[O]one of the main justifications of the moratorium on new drilling was safety. . . .
And yet, the federal Occupational Safety and Health Administration has classified some of the drilling types that have been allowed to continue as being . . . hazardous . . .. [T]here have been at least three major accidents involving spills, leaks or explosions on rigs in the gulf since 2002 caused by the drilling procedures still being permitted. . . .
Mr. Salazar, when pressed to explain why new drilling was being allowed, testified on May 18 that “there is no deep-water well in the O.C.S. that has been spudded — that means started — after April 20,” referring to the gulf’s outer continental shelf.
However, Newfield Exploration Company has confirmed that it began drilling a deep-water well in 2,095 feet of water after April 20. . . .
Among the types of drilling permits that the minerals agency is still granting are called bypass permits. These allow an operator to drill around a mechanical problem in the original hole to the original target from the existing wellbore.
Five days before the explosion, the Deepwater Horizon requested and received a revised bypass permit, which was the last drilling permit the rig received from the minerals agency before the explosion. The bore was created and it was the faulty cementing or plugging of that hole that has been cited as one of the causes of the explosion. . . .
Even before the Deepwater Horizon disaster, the use of environmental waivers was a source of concern. In September 2009, the Government Accountability Office released a report concluding that the waivers were being illegally granted to onshore drilling projects.
This month, the Interior Department announced plans to restrict the use of the waivers onshore, though not offshore. . . .
The investigation, however, is likely to take months, and in the meantime the waivers are continuing to be issued. There is also a 60-day statute of limitations on contesting the waivers, which reduces the chances that they will be reversed if problems are found with the projects or the Obama administration’s review finds fault in the exemption process.
At least three lawsuits to strike down the waivers have been filed by environmental groups this month. The lawsuits argue that the waivers are overly broad and that they undermine the spirit of laws like the National Environmental Policy Act and the Endangered Species Act, which forbid drilling projects from moving forward unless they produce detailed environmental studies about minimizing potential risks.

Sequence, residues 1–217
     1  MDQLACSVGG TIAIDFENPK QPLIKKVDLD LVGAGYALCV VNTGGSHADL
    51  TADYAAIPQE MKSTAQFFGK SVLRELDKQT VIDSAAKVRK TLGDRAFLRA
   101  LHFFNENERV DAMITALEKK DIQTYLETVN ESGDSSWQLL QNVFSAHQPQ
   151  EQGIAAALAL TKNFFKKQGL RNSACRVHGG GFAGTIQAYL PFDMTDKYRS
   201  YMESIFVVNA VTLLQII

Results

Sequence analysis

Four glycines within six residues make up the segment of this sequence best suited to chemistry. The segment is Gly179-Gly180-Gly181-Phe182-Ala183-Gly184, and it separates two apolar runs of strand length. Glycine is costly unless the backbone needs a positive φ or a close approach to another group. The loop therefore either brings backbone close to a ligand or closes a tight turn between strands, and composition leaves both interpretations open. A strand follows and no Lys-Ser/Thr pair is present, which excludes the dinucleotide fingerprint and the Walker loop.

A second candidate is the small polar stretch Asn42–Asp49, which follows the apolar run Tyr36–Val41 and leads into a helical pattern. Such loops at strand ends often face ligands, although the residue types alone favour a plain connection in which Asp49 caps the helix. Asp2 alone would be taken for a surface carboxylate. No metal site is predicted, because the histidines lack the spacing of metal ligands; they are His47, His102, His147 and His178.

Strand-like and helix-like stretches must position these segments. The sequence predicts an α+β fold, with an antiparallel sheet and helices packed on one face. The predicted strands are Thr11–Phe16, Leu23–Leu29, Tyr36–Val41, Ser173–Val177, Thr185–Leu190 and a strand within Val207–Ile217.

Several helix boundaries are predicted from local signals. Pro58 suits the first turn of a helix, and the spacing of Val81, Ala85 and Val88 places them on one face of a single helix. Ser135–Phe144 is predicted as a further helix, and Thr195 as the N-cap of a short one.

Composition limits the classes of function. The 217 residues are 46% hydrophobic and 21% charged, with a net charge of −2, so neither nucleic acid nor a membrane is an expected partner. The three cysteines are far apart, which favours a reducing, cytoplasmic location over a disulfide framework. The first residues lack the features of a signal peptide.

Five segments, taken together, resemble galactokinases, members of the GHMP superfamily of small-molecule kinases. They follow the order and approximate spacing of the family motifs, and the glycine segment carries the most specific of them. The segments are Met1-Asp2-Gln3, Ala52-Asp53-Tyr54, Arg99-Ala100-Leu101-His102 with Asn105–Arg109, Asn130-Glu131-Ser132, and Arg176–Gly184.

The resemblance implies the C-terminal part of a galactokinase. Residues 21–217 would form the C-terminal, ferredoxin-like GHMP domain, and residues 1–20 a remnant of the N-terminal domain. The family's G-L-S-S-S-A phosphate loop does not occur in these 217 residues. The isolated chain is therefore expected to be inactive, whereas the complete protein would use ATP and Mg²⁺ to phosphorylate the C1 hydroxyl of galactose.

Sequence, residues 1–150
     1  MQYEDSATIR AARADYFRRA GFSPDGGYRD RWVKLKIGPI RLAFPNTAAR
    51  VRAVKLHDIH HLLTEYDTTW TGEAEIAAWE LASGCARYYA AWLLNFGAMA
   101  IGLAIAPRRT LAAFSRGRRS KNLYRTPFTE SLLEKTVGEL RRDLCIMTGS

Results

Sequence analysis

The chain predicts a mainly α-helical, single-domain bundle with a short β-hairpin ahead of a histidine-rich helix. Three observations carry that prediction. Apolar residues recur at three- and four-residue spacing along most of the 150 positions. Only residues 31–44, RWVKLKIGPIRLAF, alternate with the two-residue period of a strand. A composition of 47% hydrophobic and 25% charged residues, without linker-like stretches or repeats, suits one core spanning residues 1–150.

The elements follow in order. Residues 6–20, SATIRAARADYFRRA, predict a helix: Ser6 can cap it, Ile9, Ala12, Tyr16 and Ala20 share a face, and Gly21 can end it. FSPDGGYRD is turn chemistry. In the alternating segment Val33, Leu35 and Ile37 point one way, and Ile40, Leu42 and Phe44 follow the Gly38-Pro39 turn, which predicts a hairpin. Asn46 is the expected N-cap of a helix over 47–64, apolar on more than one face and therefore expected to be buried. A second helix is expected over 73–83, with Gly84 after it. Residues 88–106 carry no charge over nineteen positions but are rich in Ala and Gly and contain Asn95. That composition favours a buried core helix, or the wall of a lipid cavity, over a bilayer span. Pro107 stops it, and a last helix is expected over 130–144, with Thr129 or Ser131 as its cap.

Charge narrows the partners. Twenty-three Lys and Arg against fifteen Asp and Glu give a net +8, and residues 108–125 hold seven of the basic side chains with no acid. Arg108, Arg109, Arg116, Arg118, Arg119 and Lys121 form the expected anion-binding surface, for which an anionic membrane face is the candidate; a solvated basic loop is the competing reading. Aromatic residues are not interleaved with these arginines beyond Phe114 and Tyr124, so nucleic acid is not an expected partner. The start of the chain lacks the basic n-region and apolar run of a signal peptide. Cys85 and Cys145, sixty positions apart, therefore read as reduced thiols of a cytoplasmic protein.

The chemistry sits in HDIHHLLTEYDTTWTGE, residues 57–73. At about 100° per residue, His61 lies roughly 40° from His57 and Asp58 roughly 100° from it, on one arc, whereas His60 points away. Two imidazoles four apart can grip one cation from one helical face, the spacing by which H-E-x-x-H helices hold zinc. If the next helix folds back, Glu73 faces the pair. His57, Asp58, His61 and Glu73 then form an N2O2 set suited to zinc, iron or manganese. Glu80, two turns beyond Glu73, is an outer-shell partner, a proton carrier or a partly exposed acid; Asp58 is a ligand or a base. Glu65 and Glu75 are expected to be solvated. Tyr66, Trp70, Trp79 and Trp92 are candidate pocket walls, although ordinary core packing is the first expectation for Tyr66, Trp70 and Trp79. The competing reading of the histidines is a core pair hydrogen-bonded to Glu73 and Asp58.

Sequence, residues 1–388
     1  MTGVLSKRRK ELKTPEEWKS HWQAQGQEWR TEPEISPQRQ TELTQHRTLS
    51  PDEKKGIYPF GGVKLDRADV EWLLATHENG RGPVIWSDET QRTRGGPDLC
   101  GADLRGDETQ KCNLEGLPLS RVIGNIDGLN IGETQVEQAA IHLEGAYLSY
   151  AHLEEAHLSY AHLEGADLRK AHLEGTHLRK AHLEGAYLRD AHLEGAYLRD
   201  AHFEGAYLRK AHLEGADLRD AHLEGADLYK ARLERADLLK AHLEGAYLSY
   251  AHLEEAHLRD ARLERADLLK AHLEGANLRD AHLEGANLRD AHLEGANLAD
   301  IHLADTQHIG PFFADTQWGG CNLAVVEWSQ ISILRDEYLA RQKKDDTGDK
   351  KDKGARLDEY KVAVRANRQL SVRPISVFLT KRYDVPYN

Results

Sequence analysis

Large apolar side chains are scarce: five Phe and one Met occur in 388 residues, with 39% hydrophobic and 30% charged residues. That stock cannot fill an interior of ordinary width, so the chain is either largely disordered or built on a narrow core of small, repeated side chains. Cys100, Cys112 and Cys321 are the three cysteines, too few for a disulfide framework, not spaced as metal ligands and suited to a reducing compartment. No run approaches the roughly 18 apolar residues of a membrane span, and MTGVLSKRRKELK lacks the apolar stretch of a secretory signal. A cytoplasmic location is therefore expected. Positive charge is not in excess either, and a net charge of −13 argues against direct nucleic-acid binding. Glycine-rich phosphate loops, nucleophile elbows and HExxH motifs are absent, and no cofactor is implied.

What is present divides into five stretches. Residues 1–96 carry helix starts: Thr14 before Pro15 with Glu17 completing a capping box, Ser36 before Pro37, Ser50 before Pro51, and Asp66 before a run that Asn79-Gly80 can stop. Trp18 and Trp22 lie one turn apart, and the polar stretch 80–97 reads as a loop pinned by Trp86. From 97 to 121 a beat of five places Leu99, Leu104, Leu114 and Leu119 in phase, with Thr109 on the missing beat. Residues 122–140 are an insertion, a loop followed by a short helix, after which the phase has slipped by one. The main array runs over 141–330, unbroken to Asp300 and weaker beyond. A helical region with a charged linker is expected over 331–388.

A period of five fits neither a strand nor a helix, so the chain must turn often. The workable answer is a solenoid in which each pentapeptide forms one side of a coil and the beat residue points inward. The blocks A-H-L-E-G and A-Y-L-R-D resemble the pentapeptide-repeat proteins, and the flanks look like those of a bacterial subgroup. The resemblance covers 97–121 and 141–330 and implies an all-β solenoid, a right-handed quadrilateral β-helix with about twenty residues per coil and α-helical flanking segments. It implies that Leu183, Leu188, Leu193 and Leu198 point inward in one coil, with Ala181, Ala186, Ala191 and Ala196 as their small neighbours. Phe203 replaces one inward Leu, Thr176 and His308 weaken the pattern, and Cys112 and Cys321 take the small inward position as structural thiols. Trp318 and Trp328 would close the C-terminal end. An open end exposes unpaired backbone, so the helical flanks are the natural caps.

Even the most inattentive, blind and hardhearted of institutional executives usually respond to massive bad publicity in the mainstream media. The major problems involve matters that do not receive such public attention, and thus can be ignored -- often to the profit of the institution, even if to the loss of its customers and employees.
In this instance, it's not even clear that the otherwise sophisticated Obama Administration has even responded as one would expect from a public relations disaster.
But as tragic as are the consequences of America's most serious ecological disaster in history, there is an even more serious problem.
What has President Obama done during the last year-plus with regard to other abuses of the public trust that may be going on in the federal government? What has he done proactively, preemptively, to avoid the corruption and agency capture by industry elsewhere than at the MMS? To what extent does he care; and how has that care been manifest -- beyond running through the playbook after the disasters occur?
I can't begin to list all the possible places to look, but here are a few: President Eisenhower's "military-industrial complex" (the Defense Department-defense contractor revolving door; Congressional pressure for weapons systems the military don't want or need); the "cozy relationship" (to use Obama's characterization) between the industry that is supposed to be regulated and, say, the FAA, FDA, OSHA, MSHA (Mine Safety and Health Administration; think Massey Coal and 29 dead), SEC, agricultural and other subsidy and price support programs. The list is endless.
Has President Obama initiated any inquiries into general Washington "coziness"? Has he provided any, specific, instructions to his appointees on this score? Is he aware that he is the CEO of an organization with hundreds of otherwise-hidden agencies, any one of which is a potential political weapon of mass destruction?
I recall a companion once commenting as the driver of the car in front of him was seemingly unable to bring himself to proceed beyond a "Yield" sign: "Hey, it says 'yield,' not capitulate completely!"
I fear that we as a nation have also passed beyond merely yielding to corporate control to the place where we have capitulated completely. We're not even running a reputable fascist state anymore.
The first step on the road to reform is to get rid of Secretary Salazar. The second is to acknowledge that the problem is systemic and that the removal of one cabinet officer isn't going to clean up either corruption in government or oil pollution in the Gulf.
* Why do I put this blog ID at the top of the entry, when you know full well what blog you're reading? Because there are a number of Internet sites that, for whatever reason, simply take the blog entries of others and reproduce them as their own without crediting the source. I don't mind the flattering attention, but would appreciate acknowledgment as the source -- even if I have to embed it myself.
-- Nicholas Johnson